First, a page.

In an interview, my father described his decision to not teach me Igbo as providing the “best option” for me; he wanted me to thrive here, first, “and here, the language is English” (Agwu). By electing to not teach their youth their mother tongue, Igbo immigrants are not displaying resentment towards the language. Rather, they are recognizing the trends of the land, and equipping children with what they believe to be the best tools for success. While the intention here is noble, and evidently provides stellar results, it also has detrimental effects.
If you posed the question of what makes a person Igbo, language or excellence, Nigeria-born Igbos might boastingly answer with excellence, whereas their diaspora-born youth might be more inclined to answer with language. For the diaspora-born Igbos who do not know the mother tongue, there is often an inner struggle of identity. This is displayed by how often these youths express an intense desire to learn the mother tongue later on in their lives. Objectively, one could understand why familial aspirations eclipsed this area of education, but there is still a sense of identity missed. One young man shares that, as much as he appreciates his parent’s intention in not teaching him Igbo, “in hindsight, [he feels] like it’s a barrier” (Okwu ID). In this trend of choosing excellence over language, diaspora-born Igbos receive what has been deemed the more valuable aspect of our culture—but it is still only a portion of a whole. We may be excellent scholars, businesspeople, and working members of society, but we are still missing a piece of our identity. Without the language, diaspora Igbos are prevented from fully connecting with their heritage and other natives of the tribe. It feels as if there is a whole part of the culture that we cannot access, and the key to unlocking it was taken from us years ago. A culture is not solely defined by its means of expression, but the two are undoubtedly connected.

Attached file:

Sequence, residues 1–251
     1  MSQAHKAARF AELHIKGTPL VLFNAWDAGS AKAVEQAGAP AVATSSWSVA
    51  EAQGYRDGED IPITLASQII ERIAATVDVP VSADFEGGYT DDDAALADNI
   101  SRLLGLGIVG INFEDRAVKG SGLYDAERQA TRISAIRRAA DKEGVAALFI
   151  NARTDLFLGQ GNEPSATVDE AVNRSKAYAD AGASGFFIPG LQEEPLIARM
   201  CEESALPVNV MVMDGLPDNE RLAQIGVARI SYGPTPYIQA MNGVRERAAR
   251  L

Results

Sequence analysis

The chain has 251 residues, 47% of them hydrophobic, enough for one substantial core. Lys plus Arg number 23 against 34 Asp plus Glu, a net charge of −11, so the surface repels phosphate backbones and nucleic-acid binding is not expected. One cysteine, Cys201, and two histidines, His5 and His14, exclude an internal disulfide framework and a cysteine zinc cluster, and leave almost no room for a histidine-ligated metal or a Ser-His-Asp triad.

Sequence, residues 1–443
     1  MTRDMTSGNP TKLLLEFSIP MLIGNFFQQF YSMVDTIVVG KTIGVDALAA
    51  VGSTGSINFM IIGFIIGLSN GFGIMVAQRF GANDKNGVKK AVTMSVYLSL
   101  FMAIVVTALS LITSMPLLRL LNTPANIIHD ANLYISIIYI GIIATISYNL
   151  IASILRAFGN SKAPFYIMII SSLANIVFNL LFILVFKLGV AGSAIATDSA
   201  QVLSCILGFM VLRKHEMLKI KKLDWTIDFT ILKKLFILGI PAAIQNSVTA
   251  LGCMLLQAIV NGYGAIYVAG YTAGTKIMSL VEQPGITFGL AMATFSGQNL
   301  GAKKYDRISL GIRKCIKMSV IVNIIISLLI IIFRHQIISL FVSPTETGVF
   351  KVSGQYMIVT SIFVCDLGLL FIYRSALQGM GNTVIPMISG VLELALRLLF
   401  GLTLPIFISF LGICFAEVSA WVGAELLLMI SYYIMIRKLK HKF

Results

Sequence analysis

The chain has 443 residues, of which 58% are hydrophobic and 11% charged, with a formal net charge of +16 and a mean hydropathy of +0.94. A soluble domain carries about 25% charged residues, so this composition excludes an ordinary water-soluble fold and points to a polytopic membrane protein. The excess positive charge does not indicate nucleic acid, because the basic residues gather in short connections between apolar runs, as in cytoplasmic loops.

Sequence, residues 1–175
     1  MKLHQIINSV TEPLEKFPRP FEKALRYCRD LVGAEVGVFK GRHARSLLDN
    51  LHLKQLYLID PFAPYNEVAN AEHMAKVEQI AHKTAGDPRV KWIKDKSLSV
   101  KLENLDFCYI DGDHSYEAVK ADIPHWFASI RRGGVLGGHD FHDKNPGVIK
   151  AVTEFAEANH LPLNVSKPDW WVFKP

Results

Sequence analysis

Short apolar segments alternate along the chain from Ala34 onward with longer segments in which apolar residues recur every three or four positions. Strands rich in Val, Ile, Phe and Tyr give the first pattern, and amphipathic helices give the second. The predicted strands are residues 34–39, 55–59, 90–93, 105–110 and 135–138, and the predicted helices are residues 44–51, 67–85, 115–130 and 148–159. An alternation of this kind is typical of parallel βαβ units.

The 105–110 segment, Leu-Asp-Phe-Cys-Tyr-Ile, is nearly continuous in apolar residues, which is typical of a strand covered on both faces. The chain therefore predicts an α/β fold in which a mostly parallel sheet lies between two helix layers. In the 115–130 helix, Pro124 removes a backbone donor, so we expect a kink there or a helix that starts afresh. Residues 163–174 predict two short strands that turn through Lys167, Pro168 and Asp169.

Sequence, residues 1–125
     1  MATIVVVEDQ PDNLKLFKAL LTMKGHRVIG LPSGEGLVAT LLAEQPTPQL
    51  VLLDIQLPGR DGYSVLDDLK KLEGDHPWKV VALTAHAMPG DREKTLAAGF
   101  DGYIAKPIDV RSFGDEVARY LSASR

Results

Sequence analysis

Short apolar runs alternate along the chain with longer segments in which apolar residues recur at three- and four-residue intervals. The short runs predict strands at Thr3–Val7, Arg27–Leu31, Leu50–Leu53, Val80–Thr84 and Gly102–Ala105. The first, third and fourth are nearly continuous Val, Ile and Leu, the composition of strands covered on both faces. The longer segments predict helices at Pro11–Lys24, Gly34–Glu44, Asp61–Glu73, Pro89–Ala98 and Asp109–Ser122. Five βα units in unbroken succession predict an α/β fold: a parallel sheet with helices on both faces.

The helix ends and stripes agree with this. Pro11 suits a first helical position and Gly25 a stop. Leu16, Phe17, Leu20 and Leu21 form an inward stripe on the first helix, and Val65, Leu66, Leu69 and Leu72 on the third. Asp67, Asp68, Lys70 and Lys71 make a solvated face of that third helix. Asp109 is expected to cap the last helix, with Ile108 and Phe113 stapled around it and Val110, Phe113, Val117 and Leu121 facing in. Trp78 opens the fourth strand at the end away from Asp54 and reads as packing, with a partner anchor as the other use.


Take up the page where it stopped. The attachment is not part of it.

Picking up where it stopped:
As more and more Igbos leave Nigeria for other countries, I implore them to cease leaving the Igbo language behind as well—if not for the cultural identity of their children, then for the sake of their tribe. In 2006, the United Nations Educational, Scientific, and Cultural Organization shared that the Igbo language was in danger of going extinct by the year 2050, if preventative action is not taken (Asonye). Decades of not passing down the Igbo language has finally shown its wear on the mother tongue, and now we must correct it. I urge the tribe to utilize its thirst for excellence and redirect some of that energy towards the revival of the Igbo language. We are a tribe that strives for success, and I strongly believe that this mindset can be applied to any challenge.
Migrational circumstances may never change, and the language of a new location may always pose as a more convenient tool for success. However, that does not mean we must continue to compromise one factor of our identity for another. It is time that Igbo immigrants stopped treating excellence and language as two competing cultural aspects, but rather as two equal parts of Igbo identity. As a child of the diaspora, I am grateful to my father for his intentions, but I now urge future Igbo immigrants to do better. Teach us the language of Igboland. While it may create a few challenges in our international upbringing, it will be invaluable for our Igbo identity. We do not excel because circumstances are always easy; we excel because we are an industrious, striving people.
We excel because we are Igbo.
Because we are Igbo, we will save our language.
 In this case, anywhere outside of Nigeria or Igboland.